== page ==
The Malawi Enterprise Productivity Enhancement (Mepe) project which is part of the Comesa Regional Integration Support Mechanism programme being funded by the European Union will save the country about US$9 million in import substitution annually.
The project addresses key productive capacity constraints among Small and medium enterprises (SMEs) and cooperatives as identified in the National Export Strategy (NES).
Mepe Project Manager, Nelson Nsiku, said the project has the capacity to support SMEs to scale up local production in both quality and quantity to replace what is being imported.
“Cooperatives producing edible oils should be able to produce about 10,000 litres of crude oil per day. We believe through our participation at the trade fair, we should be able to connect the producers to bigger markets hence the capacity is likely to double. Based on the doubled capacity, we should be able to replace about US$9 million per annum of edible oil imports,” said Nsiku.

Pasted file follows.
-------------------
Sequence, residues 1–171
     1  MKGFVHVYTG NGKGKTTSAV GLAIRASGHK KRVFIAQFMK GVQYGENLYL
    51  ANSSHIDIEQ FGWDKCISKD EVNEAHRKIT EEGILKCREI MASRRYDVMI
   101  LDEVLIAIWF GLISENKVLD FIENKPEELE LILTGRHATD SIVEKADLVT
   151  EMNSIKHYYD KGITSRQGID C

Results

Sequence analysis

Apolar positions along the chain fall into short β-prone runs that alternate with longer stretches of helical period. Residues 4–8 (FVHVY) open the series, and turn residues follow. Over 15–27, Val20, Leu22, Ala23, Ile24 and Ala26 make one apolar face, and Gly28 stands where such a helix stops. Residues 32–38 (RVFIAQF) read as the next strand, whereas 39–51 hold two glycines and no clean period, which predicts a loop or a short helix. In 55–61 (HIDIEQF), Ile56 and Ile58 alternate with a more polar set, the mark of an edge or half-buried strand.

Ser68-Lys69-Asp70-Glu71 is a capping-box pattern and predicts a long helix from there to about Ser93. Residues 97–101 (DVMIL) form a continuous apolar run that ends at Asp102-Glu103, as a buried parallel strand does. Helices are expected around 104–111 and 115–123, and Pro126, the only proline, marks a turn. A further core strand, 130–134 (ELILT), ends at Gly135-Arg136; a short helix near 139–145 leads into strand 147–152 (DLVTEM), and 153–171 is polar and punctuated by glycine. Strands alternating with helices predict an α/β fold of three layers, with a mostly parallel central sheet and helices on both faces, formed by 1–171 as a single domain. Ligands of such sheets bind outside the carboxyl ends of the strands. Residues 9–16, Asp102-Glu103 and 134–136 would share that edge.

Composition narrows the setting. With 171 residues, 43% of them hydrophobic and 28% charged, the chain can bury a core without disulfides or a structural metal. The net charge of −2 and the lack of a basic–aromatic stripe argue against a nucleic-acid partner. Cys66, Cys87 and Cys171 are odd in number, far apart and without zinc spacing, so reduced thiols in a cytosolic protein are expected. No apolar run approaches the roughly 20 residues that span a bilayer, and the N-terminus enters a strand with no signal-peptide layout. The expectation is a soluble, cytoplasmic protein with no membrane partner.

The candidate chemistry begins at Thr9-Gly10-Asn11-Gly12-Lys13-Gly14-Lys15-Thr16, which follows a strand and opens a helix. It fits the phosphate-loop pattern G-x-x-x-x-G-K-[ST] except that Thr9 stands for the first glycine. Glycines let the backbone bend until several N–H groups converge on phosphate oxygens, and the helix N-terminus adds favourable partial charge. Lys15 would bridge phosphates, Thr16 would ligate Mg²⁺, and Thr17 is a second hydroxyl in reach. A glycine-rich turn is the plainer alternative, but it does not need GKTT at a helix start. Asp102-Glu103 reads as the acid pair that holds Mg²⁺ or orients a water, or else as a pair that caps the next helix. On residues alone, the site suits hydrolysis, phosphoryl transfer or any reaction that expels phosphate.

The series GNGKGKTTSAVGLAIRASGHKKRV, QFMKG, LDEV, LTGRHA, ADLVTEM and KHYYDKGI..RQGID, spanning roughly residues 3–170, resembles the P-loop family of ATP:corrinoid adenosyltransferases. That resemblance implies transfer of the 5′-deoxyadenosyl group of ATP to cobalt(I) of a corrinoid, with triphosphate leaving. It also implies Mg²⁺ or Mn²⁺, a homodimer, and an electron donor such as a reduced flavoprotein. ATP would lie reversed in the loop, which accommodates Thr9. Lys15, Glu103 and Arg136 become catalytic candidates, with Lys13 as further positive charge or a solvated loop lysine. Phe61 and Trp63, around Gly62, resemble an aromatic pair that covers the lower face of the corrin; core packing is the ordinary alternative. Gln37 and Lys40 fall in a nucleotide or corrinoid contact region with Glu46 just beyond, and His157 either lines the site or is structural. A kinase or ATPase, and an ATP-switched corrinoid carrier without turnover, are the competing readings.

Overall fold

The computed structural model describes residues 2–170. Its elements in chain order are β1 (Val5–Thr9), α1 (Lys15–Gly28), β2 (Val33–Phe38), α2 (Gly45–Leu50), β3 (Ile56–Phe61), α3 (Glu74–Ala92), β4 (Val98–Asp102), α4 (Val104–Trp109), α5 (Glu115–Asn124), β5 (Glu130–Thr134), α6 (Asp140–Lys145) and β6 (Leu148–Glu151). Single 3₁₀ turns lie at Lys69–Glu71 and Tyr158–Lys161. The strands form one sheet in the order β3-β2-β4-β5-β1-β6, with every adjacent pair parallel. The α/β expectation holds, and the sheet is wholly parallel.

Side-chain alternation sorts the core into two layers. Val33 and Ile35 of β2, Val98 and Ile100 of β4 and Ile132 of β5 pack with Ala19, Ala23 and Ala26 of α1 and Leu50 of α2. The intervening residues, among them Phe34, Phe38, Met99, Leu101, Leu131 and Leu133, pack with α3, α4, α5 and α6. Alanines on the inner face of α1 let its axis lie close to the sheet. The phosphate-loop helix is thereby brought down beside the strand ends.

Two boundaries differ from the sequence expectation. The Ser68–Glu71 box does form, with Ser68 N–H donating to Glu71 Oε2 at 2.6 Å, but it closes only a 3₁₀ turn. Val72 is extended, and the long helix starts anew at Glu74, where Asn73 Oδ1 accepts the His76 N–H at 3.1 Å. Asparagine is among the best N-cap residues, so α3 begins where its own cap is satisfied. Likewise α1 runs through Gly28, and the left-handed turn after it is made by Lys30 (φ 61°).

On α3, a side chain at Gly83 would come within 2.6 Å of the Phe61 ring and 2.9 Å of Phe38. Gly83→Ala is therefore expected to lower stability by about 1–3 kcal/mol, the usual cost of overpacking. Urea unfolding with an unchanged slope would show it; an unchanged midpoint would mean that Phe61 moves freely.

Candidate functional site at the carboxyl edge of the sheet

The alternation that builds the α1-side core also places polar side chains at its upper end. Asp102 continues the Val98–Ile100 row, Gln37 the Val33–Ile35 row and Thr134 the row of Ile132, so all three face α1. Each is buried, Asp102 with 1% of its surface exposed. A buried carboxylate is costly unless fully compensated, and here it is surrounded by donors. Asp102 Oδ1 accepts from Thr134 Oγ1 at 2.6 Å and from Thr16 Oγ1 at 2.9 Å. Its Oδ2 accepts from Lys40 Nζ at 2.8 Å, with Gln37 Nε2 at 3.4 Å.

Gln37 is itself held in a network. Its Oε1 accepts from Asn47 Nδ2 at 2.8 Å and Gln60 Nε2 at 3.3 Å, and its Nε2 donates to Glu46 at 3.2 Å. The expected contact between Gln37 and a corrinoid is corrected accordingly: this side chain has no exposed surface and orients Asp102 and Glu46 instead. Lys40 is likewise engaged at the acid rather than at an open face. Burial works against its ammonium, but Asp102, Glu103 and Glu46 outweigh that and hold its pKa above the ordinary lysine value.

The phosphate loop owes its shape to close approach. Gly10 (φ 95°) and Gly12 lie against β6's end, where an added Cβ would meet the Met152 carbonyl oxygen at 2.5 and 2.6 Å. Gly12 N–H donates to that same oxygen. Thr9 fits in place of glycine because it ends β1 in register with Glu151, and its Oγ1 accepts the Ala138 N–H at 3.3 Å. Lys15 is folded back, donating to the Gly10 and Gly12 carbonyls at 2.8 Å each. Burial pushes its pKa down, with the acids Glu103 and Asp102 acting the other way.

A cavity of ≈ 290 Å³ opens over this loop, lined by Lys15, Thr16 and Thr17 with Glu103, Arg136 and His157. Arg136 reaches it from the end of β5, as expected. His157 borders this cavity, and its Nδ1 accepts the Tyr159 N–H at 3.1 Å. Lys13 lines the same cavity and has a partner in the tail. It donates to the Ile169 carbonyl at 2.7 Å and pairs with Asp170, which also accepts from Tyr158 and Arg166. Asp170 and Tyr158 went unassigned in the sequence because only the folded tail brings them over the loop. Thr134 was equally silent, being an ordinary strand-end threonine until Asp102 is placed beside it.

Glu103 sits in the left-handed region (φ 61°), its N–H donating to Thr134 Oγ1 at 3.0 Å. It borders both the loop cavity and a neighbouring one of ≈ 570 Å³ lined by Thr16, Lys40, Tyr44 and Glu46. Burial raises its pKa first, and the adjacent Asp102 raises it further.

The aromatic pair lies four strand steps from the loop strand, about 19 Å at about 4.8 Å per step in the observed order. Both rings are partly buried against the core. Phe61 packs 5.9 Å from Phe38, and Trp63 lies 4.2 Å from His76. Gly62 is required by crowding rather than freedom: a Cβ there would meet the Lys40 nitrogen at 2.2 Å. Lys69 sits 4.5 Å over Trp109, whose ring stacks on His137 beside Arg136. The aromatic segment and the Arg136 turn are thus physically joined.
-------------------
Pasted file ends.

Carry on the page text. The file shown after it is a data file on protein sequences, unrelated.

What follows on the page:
Principal Secretary in the Ministry of Industry, Trade and Tourism, Cliff Chiunda, said the project was created to empower cooperatives in value addition and job creation.
“This means some of the products that were being imported will be produced locally thereby creating job opportunities for Malawians and also generating forex for the country once the cooperatives start exporting.
As a ministry, we are linking the cooperatives to various markets and we are making sure that the products are of high quality and standards,” said Chiunda.
He further said with the launch of the Buy Malawi Strategy, the industry has seen edible oil imports going down.
“We are not banning imported products but rather making our local products to be more competitive on the market. It is obvious now that this is being achieved as most edible oils in our super markets are made locally unlike in the past when foreign oils flooded our shops. This means our producers have now become competitive and are able to substitute the imported edible oils,” he said.